From that moment on, the momentum turned in the All Blacks’ favour.
They were helped by two dreadful kicks by the Wallabies. On both occasions, the All Blacks got well over the gain line.
In the 14th minute O’Connor wastefully kicked away possession and allowed Caleb Clarke to get a full head of steam and get over halfway. The All Blacks then get through 11 phases and get inside the Wallabies’ 22, before they cough it up. Matt To’omua then clears off his left foot up to their 10m line first phase.
Moments later, in the 16th minute, the Wallabies manage to get possession back as the New Zealanders spill it just short of the Wallabies’ 22m line and once again the visitors wastefully kick the ball away first phase as prop Taniela Tupou clears.
With a staggered line in defence, Beauden Barrett burns the Wallabies, breaking five tackles before being tackled 35m out from the line. Moments later the Wallabies give away a penalty and the All Blacks collect the first points of the afternoon via the boot of Richie Mo’unga.
Twelve phases later, off the back of some good front foot ball from Barrett’s kick, the Wallabies score.
The Wallabies’ next best attacking raid comes directly off a kick too in the 36th minute. It’s important to note, however, that it’s the only contestable kick that the Wallabies put up in Bledisloe II and it forces an error.
White’s box kick is a beauty from the back of a rolling maul and forces an error from Caleb Clarke.
Immediately, the Wallabies shift the ball to the open side and find some space out wide before a great shot in defence from Anton Lienert-Brown.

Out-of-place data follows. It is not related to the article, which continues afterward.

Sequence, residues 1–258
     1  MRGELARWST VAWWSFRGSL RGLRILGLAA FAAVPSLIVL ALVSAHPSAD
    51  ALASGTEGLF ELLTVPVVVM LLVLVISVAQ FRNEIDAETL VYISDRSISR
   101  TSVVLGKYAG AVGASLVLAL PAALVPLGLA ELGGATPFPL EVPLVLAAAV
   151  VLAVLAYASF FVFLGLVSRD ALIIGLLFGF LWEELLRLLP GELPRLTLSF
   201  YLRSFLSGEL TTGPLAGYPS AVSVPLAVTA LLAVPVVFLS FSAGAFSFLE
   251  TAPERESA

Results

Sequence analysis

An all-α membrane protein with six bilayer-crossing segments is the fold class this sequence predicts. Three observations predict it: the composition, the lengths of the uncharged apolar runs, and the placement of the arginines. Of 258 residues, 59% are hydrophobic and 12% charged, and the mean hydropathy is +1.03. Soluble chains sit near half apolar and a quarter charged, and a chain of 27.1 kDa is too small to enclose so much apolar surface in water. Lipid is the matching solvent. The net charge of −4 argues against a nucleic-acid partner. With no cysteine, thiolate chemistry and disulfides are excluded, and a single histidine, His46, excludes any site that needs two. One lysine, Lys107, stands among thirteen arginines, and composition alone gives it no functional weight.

The Wallabies, however, through some beautiful running lines find some space on the right as Hunter Paisami slices through. The Wallabies then shift it to the middle and with quick ruck retention then make further inroads out to the left before Marika Koroibete spills Ned Hanigan’s switch play.
After half-time, the Wallabies let themselves down again.
Having already coughed up the early try, O’Connor attempts an up-and-under but because the Wallabies are deep they can’t put any pressure on Clarke, who has already spilt one, and with a poor kick chase the powerful young winger punishes the Wallabies.
On each of the Wallabies’ three poor kicks (O’Connor twice, Tupou once) on Sunday they were punished.
The Wallabies only kicked the ball 11 times on Sunday. The one contestable kick from White, who found touch well with two other box kicks, he forced an error.
A week earlier, they kicked 19 times and White, in particular, put the All Blacks under a lot of pressure with his box kicks forcing Damian McKenzie to spill the ball four times, while George Bridge dropped one.
While the Wallabies had fallen behind 20-7 after 47 minutes, they still had chances to come back into the match.